Lark’s Products have been named Macworld's “Best App for Apple Health”, Fast Company's “10 Most Innovative CE Companies in the World”, and “Best Digital Health Product of the Year” by Forrester.
[Lark] now brings personalized weight-loss, nutrition, activity and sleep coaching to users on iPhone 4 and 5, and Android devices, with pre-installation on all new Samsung phones. "Our mission at Lark is to help every person live a healthier lifestyle, and this is a huge milestone for us in that journey," said Julia Hu, CEO and cofounder, Lark Technologies, Inc.
For those who have purchased an Apple Watch, Lark Technologies Inc., has introduced the free Lark Chat app – reportedly a new way to approach weight loss and healthful lifestyle changes. A personal weight loss and fitness coach that is assessable at all times with the tap of a finger, requires no extra activity trackers or complex calorie counting apps. And, it’s reported to be easily accessible from an iPhone or Apple Watch.
[W]hile it’s still early, some developers say they’ve been pleasantly surprised by reactions to their Apple Watch apps. Lark, developer of a health and fitness tracking app, has found engagement rates on the Apple Watch to be fairly high.
...Lark traded more than 200 million texts with Apple Watch users over the past three months — and, according to the company’s metrics, users of Lark’s Apple Watch app launch it 73% more often than users of its iPhone-only sibling.
The founder of Lark, which is an AI system for health and wellness, talked to TechRepublic about startups, failures, and how running this company has made her live a more balanced life.
We tested the app and found that it's intuitive and simple to use. Chatting with it is like talking to a friend, and texting feels pretty natural, since we do it so often anyway.
The next generation of QA devices promises to go further than just recording raw data. With what is a first generation AI application – the iPhone app “Lark” is more than just a recording device. It uses a text interface to chat with you, congratulating you when you make strides to improve your health and wellness, and gently chiding you when you sit to long and don’t get up from your desk for an afternoon walk.
If Siri sent you encouraging messages about your activity and sleep patterns, she would look a lot like Lark, a conversational wellness coaching app for iOS. Now the app is tackling food-tracking with Tuesday’s update for iOS and its launch on Apple Watch.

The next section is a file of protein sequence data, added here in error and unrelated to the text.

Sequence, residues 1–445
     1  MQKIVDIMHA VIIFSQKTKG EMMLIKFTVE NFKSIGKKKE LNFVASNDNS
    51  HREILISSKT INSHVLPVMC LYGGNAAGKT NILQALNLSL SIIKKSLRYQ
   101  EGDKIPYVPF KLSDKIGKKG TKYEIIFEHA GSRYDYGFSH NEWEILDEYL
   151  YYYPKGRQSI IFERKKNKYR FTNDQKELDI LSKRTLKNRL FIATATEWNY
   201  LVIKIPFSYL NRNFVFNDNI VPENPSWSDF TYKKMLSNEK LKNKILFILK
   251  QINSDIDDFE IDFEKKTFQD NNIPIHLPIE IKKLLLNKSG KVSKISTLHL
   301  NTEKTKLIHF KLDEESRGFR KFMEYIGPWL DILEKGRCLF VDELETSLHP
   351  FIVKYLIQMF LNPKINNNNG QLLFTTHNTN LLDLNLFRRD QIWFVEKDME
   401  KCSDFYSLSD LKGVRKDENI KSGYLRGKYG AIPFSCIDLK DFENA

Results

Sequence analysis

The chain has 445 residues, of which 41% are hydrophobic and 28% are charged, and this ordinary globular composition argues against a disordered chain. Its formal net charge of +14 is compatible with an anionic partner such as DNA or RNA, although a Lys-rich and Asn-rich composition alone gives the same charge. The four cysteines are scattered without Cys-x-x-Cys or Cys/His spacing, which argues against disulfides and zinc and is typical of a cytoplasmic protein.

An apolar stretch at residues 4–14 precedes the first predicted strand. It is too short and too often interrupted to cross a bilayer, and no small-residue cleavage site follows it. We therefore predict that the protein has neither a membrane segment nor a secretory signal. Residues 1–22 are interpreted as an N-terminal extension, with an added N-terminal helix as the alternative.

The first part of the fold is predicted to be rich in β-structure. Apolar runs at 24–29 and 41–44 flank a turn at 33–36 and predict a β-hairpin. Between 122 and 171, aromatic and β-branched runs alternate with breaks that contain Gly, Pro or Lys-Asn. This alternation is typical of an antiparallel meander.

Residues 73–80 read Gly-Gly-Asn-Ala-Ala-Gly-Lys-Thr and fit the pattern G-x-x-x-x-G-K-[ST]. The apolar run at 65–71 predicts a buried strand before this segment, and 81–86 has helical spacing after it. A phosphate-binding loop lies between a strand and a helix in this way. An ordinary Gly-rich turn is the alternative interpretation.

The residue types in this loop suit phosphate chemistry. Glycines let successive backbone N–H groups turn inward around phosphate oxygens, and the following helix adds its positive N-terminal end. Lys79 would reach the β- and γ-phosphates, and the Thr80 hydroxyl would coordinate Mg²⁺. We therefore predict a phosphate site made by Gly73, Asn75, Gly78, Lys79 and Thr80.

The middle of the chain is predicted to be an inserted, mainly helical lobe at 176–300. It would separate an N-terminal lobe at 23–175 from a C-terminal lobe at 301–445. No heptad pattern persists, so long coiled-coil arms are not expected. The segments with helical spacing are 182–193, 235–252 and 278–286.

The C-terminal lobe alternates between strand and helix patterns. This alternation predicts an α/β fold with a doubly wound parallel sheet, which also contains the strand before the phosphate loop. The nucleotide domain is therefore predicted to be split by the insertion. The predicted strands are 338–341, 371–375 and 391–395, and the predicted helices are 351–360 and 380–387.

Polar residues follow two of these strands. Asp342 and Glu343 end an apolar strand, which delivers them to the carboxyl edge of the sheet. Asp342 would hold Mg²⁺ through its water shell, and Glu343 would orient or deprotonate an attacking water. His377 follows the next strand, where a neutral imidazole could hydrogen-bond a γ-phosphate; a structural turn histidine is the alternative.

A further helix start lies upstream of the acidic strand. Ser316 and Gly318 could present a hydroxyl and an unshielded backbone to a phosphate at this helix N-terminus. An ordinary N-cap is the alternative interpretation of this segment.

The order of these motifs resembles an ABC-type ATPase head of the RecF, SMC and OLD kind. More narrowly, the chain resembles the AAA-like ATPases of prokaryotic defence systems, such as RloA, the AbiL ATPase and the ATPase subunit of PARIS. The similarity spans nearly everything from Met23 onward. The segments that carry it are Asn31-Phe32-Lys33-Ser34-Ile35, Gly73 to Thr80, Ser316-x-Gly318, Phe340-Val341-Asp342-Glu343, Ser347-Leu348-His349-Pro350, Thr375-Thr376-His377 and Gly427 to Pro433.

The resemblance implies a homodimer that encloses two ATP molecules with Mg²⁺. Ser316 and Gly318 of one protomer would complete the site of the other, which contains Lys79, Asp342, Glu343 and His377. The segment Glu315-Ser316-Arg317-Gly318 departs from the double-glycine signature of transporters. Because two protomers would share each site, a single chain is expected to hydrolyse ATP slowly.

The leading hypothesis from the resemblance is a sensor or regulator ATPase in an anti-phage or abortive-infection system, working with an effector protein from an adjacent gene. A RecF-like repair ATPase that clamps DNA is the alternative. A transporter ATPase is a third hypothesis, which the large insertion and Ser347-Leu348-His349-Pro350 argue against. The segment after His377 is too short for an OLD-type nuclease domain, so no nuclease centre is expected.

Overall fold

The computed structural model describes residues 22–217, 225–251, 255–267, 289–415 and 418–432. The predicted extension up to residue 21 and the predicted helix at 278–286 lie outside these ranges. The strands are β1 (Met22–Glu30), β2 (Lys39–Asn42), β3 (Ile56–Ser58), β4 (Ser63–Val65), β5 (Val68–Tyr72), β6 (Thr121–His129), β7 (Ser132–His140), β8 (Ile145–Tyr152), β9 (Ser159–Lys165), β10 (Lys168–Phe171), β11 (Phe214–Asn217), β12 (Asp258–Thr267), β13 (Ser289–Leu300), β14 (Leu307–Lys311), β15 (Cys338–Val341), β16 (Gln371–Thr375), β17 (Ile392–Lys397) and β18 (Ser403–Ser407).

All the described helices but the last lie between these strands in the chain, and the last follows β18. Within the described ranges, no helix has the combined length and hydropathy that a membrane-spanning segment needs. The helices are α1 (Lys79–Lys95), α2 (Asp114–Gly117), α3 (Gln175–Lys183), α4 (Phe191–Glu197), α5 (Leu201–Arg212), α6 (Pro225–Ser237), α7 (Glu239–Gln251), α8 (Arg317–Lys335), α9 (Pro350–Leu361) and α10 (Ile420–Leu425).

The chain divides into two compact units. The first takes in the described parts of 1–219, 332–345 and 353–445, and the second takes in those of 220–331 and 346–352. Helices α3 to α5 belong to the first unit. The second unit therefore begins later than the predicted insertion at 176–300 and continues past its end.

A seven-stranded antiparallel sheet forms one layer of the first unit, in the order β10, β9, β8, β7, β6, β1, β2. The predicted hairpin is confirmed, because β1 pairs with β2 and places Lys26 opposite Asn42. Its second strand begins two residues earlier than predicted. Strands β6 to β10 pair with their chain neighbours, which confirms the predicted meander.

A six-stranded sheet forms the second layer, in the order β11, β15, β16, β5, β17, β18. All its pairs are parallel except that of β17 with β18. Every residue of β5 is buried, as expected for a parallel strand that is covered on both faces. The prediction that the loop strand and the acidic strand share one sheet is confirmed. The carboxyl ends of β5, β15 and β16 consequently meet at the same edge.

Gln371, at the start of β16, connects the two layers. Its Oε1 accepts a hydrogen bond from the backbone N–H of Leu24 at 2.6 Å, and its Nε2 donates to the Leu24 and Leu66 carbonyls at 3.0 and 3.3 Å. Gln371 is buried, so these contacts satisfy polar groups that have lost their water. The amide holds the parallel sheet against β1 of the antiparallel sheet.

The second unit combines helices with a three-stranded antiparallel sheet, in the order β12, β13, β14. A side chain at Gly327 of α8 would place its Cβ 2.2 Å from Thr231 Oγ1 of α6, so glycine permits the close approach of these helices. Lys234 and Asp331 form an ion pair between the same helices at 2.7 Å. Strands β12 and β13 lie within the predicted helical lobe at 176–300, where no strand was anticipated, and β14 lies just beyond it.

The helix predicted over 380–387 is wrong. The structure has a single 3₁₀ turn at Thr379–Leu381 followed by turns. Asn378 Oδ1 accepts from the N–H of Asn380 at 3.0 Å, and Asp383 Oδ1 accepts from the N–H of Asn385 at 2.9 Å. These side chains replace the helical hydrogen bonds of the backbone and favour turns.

Combined with the watch’s step-counting, Apple (and Lark-like software) could potentially be a real boon for those at the left tail of the fitness distribution, who just need a little extra coaching.
The notion of receiving nutrition advice from artificial intelligence on your wrist may seem like science fiction. But health developers like Lark are making a bet that Apple’s first wearable device, the Apple Watch, will fly off the shelves and this kind of behavior will become the norm.
Lark launched in 2010 as a wearables company, with smart wristbands that fed data to fitness- and sleep-coaching apps.
But three years later, Lark changed course and ditched its gadgets on a bold gamble: The ultimate wearable wouldn’t end up being a wearable at all. It would be the smartphone, the increasingly powerful sensor-filled device that millions of people already carry at all times.
Lark’s artificial-intelligence app now coaches people on their fitness and sleeping habits, and it requires nothing but data quietly gathered by a chip inside the iPhone 5s and 6.
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If you are tired of entering all of your data manually, Lark is a convenient alternative. You simply tell the app what you ate and Lark will help you with tips and advice on how to lose weight.
...Lark, is an iOS app made to coach you through each day. It reminds you to remain active and discover trends surrounding your activity level. By integrating with the Health app, Lark can see just how many steps you’ve taken or how much sleep you logged last night using the sensors inside your iPhone or through a dedicated fitness wearable such as the Up band. (Fitbit has said that it has no plans of integrating with Health as it continues to stay the course with its own product roadmap.) On the weekends, I’m normally active first thing in the morning with my step count trailing off throughout the day. Lark tells me this, while also encouraging me to get up in the afternoon and keep moving.
Last week, an iPhone app called Lark started taking advantage of [Apple] HealthKit in a major way, pulling in data from over 50 other fitness apps. Lark's main attraction is its artificial-intelligence assistant, which converses with users about their activity and how they're feeling.
Lark is like a gym buddy who texts you motivating messages. It takes activity, sleeping, and meal data from your iPhone or fitness tracker, and engages you in text convos throughout the day. The goal: to help you get fit, sleep better, eat healthier, and stressless.